LU decomposition

The LU decomposition is another type of factorization that’s useful for solving systems of linear equations. It decomposes a matrix $A$ into the product of a lower-triangular matrix and an upper-triangular matrix, $A = LU$. For a $3 \times 3$ matrix, this looks like (image from Wikipedia):

The LU decomposition is essentially a form of Gaussian elimination that, instead of computing row operations by hand, uses matrices. Recall that Gaussian elimination puts a matrix into row echelon form by adding rows, swapping rows, and multiplying rows by scalar values (and combinations of those operations). We can think of $U$ as the version of $A$ that has been reduced to row echelon form, and we can think of $L$ as representing the series of operations to achieve that form.

Let’s start with a simple example of reducing a matrix to row echelon form. Consider the following matrix.


The first step of Guassian elimination would proceed to add $-2$ times Row 1 to Row 2, resulting in the matrix


Notice that this operation could have also been performed by left-multiplying $A$ by


In other words, $L_1 A = A_1 \implies A = L_1^{-1} A_1$.

If we carry out all of the steps for Guassian elimination, we’ll end up with a set of matrices $L_1, \dots, L_n$ that perform the required operations. In addition, it will be true that

\[A = \underbrace{L_1^{-1} L_2^{-1} \dots L_n^{-1}}_L \underbrace{A_{n-1}}_U\]

where $L$ is a matrix representing the steps of Gaussian elimination (with zeros above the main diagonal), and $U$ is a matrix representing the matrix is reduced echelon form (with zeros below the main diagonal). Thus, we have an LU decomposition.

Now it remains to be seen whether we can find a nicer expression for the series of inverse matrices $L_1^{-1} L_2^{-1} \dots L_n^{-1}$. Notice, for example, that for $L_1$, the inverse can be found by negating the off-diagonal elements (just the $-2$ in this case):


This will be true for all of the $L_1, \dots, L_n$. After multiplying these matrices through ($L_1^{-1} L_2^{-1} \dots L_n^{-1}$), we’ll end up with a lower-triangular matrix $L$ each of whose columns represents the negation of its respective Gaussian elimination step. This is known as the Doolittle algorithm for computing an LU decomposition.

Cholesky decomposition

The Cholesky decomposition is very similar in spirit to the LU decomposition. It decomposes a positive (semi-)definite matrix $A$ into a product between a lower-triangular matrix $L$ and its conjugate transpose:

\[A = LL^*.\]

For the purposes of this post, we’ll assume $A$ is positive definite, symmetric, and real, $A \in \mathbb{R}^{n \times n}$. Then the decomposition is

\[A = LL^\top.\]

This type of decomposition is especially useful when dealing with covariance matrices.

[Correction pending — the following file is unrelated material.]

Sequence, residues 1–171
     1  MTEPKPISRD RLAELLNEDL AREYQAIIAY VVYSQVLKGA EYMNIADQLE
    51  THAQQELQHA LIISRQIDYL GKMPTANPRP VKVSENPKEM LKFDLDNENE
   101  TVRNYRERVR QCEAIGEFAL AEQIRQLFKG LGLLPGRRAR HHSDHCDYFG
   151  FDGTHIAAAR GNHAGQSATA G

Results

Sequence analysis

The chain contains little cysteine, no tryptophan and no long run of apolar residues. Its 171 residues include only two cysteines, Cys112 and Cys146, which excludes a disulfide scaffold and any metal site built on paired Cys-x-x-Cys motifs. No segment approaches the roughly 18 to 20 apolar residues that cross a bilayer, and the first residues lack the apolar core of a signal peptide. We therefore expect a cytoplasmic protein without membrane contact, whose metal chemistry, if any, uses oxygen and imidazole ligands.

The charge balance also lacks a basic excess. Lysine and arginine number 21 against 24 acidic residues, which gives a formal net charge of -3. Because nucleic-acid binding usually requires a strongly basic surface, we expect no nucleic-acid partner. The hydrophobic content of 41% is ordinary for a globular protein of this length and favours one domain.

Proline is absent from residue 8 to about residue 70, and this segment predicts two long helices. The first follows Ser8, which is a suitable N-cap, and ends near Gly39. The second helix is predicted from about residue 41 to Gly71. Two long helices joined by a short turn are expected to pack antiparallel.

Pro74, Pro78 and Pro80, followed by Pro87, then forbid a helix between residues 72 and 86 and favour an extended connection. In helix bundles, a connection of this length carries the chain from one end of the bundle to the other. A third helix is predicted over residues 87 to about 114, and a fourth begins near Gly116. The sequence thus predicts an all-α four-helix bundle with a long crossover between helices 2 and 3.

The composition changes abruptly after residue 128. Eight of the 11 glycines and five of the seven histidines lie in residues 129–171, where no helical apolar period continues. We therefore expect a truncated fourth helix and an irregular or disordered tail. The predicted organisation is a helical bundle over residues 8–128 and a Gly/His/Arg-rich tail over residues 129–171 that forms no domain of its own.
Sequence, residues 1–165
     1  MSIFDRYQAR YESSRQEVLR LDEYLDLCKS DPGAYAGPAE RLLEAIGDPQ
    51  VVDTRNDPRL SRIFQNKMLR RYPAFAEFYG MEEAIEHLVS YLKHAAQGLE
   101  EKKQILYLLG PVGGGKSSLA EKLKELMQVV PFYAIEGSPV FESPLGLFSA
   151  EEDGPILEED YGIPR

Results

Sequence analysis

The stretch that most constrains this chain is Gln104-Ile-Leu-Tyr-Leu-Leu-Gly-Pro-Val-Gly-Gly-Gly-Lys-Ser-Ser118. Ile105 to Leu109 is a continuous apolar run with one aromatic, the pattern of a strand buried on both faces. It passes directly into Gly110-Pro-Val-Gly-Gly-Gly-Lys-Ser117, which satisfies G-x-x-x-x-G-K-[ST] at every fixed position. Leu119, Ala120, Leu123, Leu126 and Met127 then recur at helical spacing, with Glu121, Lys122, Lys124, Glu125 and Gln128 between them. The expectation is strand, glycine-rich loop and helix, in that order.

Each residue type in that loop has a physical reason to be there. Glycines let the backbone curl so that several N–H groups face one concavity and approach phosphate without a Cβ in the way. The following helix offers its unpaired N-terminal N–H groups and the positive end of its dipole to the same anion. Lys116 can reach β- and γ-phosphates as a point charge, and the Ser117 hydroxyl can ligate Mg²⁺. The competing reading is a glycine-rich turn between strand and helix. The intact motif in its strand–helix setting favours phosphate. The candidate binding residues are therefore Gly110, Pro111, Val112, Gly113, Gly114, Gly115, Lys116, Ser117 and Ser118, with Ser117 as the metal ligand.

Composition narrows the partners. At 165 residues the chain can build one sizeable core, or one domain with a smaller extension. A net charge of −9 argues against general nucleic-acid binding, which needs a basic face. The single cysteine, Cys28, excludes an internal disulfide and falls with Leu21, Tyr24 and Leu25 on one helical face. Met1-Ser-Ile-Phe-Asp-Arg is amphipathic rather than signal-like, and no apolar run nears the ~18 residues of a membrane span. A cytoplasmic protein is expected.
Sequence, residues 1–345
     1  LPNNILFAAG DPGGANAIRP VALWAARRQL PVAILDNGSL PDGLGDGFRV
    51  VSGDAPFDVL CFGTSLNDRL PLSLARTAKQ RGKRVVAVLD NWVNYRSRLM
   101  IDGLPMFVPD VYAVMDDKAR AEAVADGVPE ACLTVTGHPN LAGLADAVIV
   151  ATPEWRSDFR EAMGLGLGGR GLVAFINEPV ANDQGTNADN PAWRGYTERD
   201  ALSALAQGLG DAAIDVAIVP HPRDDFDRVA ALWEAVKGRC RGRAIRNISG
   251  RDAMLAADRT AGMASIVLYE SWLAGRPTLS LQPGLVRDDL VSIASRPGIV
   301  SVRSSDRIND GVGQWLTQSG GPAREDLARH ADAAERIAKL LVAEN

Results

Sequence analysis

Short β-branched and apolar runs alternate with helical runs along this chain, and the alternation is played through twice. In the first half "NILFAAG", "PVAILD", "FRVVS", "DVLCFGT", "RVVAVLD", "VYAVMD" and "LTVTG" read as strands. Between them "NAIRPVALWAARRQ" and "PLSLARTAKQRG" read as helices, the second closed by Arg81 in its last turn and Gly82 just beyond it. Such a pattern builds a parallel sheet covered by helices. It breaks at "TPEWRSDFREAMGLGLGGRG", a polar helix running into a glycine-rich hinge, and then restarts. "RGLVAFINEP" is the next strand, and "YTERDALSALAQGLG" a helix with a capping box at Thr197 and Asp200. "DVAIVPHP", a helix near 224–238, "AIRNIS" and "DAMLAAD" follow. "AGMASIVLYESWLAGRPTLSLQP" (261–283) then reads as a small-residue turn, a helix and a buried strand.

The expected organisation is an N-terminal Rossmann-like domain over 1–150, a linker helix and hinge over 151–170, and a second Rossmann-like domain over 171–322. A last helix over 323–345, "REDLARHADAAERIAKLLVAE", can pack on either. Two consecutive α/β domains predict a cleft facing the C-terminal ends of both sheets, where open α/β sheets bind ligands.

The most straightforward algorithm for computing a Cholesky decomposition – the Cholesky algorithm – again performs Guassian elimination at its core.

Consider a $3 \times 3$ positive definite matrix $A$:


We want to find a decomposition that looks like


In some sense, we can think of the decomposition of $A = LL^\top$ as finding the “square root” of $A$. The Cholesky algorithm starts at the top-left element $a_{11}$, solves for this element, and iteratively solves for elements down and to the right.

To find $\ell_{11}$, we have the simple computation

\[a_{11} = \ell_{11}\ell_{11} \implies \ell_{11} = \sqrt{a_{11}}.\]

This allows us to find the elements $\ell_{12}$ and $\ell_{13}$ (the first column of $L$ and the first row of $L^\top$.

\begin{align} &a_{12} = \ell_{11} \ell{12} = \sqrt{a_{11}} \ell_{12} \\ \implies& \ell_{12} = \frac{1}{\sqrt{a_{11}}} a_{12}. \end{align}

Similarly, we have $\ell_{13} = \frac{1}{\sqrt{a_{11}}} a_{13}$.

So far, we have computed $L$ as


The remaining unknown elements are $\ell_{22}$, $\ell_{23}$, and $\ell_{33}$. If $A$ were larger than $3 \times 3$, we could think of these as three submatrices $B$, $C$, and $D$.

To compute $\ell_{22}$, we do another bit of simple algebra:

\begin{align} &a_{22} = \frac{1}{\sqrt{a_{11}}} a_{12} \frac{1}{\sqrt{a_{11}}} a_{12} + \ell_{22}^2 \\ \implies & \ell_{22} = \sqrt{a_{22} - \frac{1}{\sqrt{a_{11}}} a_{12} \frac{1}{\sqrt{a_{11}}} a_{12}}. \end{align}

This process repeats iteratively until all elements are found. Similar to the LU decomposition, these steps can be represented as a series of matrix multiplications, which make for safer bookkeeping (see the Cholesky algorithm section of this Wikipedia page.

Applications of the Cholesky decomposition include solving systems of linear equations and generating random variables with a particular covariance matrix (e.g., for Gaussian processes, or generally in Monte Carlo settings). For a vector $\mathbf{v}$ of uncorrelated random variables, we can induce the covariance structure specified by some matrix $A$ by multiplying $L \mathbf{u}$, where $L$ is the Cholesky “square root” of $A$.